* I am grateful, not that my marriage to the boys’ mother ended, but that it ended without acrimony, and that we are still good friends who are devoted together to making certain both boys get the best start to their adult lives that we can give them.
    That felt good. Thanks, Gretchen.

  • Abe

    I’ve always found the question, what would you do if you only had X amount of days to live, relatively irrelevant. Chances are you’d spend it doing exactly what you’d spent the last X number of days doing. See, though it can be fun to imagine that we take the vacation to Costa Rica we always dreamed about, went on a cruise, spent every waking minute with our loved ones, spent a lot of time outdoors, and so on…when it comes right down to it, I think we’d all realize that our lives aren’t too shabby as they are. Most of us don’t have the money for that vacation, etc. I’ve never been able to come up with anything that I’d do differently if faced with such a choice.
    I’d suggest that those who feel like they’d do something different are those who aren’t adequately grateful for the life they currently lead. If you love the life you lead, you’d probably just look forward to the next X number of days living it.
    My life is nothing tremendous, or special, but I still like it. I wouldn’t assume to know that any more of X, Y, or Z would make it any better. Time is over-rated, as is duration of lifespan. Our lives come and go with shocking irregularities, challenges, surprises, pain, and joy. Yet all of us die having lived, period.

  • From my experience, a gratitude journal is a great thing – and it doesn’t really need to be a written journal. I tried a written journal for a couple of weeks, but it always felt artificial. Now, every day as part of my evening meditation I take some time to really become conscious of the things I am grateful for – and I intensify the emotion. Switching from writing down what I am grateful for to feeling gratefullness with my heart is a great thing. I learned a lot of that in Thailand, where many people have the habit of visiting temples and making merit. The first couple of times I went with them, I always asked them what to do and how to behave, and they answered you shall just pray with your heart, make gratitude for everything you experience a real heartfelt emotion. And this really made a big difference for me, from “a fake make-up gratitude” to a real, enriching experience.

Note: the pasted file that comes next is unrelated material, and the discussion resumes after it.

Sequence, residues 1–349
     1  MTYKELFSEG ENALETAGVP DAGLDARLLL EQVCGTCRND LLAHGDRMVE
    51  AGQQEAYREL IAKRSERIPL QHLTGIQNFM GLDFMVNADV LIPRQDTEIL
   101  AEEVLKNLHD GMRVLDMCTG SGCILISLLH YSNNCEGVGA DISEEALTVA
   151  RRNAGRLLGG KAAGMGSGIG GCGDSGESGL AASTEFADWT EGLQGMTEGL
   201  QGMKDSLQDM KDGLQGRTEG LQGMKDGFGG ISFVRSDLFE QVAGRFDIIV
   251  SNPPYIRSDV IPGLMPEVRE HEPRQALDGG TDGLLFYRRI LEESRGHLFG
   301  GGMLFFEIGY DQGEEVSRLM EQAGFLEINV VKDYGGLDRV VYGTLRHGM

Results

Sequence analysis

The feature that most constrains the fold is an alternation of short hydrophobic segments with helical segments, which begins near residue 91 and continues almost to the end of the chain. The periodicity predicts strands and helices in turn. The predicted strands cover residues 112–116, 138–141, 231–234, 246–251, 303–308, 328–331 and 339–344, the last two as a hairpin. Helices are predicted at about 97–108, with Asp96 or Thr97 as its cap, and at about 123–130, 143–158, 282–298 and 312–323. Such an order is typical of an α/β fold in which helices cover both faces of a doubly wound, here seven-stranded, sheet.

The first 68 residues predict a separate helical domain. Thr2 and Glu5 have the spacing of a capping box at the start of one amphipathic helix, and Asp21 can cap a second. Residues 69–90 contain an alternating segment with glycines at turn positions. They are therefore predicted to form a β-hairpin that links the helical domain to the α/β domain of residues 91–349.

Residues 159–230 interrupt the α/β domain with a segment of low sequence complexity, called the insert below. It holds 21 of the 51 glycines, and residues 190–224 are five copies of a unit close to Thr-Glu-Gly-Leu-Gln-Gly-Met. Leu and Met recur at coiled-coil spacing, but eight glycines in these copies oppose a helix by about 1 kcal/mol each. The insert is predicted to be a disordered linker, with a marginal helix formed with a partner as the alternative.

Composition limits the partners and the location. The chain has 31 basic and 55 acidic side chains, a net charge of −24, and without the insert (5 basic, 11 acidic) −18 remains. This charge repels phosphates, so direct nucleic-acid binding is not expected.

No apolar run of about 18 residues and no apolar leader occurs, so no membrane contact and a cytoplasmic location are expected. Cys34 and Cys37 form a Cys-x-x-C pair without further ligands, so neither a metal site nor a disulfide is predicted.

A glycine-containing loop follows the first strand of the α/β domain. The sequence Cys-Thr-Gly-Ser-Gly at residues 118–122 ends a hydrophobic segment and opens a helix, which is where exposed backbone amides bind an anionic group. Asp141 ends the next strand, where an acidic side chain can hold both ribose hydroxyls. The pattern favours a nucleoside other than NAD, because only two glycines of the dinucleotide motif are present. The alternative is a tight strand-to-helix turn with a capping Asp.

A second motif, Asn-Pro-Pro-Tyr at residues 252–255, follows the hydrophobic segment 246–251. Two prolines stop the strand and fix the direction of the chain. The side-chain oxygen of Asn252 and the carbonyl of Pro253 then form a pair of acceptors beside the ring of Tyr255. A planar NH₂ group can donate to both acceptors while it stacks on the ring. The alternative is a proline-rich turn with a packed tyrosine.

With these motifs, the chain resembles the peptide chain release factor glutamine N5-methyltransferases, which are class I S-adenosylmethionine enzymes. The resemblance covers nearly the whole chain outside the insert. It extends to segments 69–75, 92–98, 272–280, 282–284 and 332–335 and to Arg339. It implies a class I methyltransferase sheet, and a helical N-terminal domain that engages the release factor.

Greetings from Germany,
    Ramin Assemi
    Tamtookwan – Traditional Thai-Massage in Berlin

  • Dan Acland

    You mention studies that show gratitude increases self-reported life satisfaction. I’m trying to locate such studies for my graduate research. (And my personal interest, since I do a daily gratitude practice myself.) Do you have any citations or sources I could use?

  • In May of 2000, my mom was diagnosed with Brain Cancer.  On March 23, 2004 on her 59th birthday, she passed away.
    I was blessed to be a part of her care alongside my father.  Our best moments were ones filled with laughter and usually those moments were funny because they were linked to the absurdity of her new life – a life with cancer.  
    To honor my mom, I am trying to collect stories from cancer patients, survivors, and loved ones, that are humorous and uplifting.  My dream is to have the stories compiled into a book of short stories.  I believe my mom would have loved reading narratives that were filled with humor and silliness.  It would have been a pleasant reminder that our stories live on forever – so we, not cancer, have the last laugh.
    I am posting this to ask for support and help.  If there are any words of advice or guidance any one can provide, that would be greatly appreciated.  Thank you very much.